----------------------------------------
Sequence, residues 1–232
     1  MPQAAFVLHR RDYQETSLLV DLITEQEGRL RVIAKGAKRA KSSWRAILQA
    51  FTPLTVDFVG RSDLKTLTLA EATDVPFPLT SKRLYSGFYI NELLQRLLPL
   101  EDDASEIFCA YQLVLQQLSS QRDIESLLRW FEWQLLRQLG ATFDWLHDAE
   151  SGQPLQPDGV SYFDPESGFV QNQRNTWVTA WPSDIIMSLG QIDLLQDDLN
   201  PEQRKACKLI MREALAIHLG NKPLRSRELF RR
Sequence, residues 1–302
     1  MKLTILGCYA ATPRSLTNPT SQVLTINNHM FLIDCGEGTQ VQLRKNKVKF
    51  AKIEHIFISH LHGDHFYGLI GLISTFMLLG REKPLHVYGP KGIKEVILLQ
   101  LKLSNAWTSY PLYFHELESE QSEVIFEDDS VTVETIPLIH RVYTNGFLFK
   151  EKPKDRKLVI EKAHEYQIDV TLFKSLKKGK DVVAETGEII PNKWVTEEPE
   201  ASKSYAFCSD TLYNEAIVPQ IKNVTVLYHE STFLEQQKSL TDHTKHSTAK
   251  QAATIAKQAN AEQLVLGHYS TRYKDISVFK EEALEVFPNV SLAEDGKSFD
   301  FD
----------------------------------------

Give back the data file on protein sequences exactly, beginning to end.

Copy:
Sequence, residues 1–232
     1  MPQAAFVLHR RDYQETSLLV DLITEQEGRL RVIAKGAKRA KSSWRAILQA
    51  FTPLTVDFVG RSDLKTLTLA EATDVPFPLT SKRLYSGFYI NELLQRLLPL
   101  EDDASEIFCA YQLVLQQLSS QRDIESLLRW FEWQLLRQLG ATFDWLHDAE
   151  SGQPLQPDGV SYFDPESGFV QNQRNTWVTA WPSDIIMSLG QIDLLQDDLN
   201  PEQRKACKLI MREALAIHLG NKPLRSRELF RR
Sequence, residues 1–302
     1  MKLTILGCYA ATPRSLTNPT SQVLTINNHM FLIDCGEGTQ VQLRKNKVKF
    51  AKIEHIFISH LHGDHFYGLI GLISTFMLLG REKPLHVYGP KGIKEVILLQ
   101  LKLSNAWTSY PLYFHELESE QSEVIFEDDS VTVETIPLIH RVYTNGFLFK
   151  EKPKDRKLVI EKAHEYQIDV TLFKSLKKGK DVVAETGEII PNKWVTEEPE
   201  ASKSYAFCSD TLYNEAIVPQ IKNVTVLYHE STFLEQQKSL TDHTKHSTAK
   251  QAATIAKQAN AEQLVLGHYS TRYKDISVFK EEALEVFPNV SLAEDGKSFD
   301  FD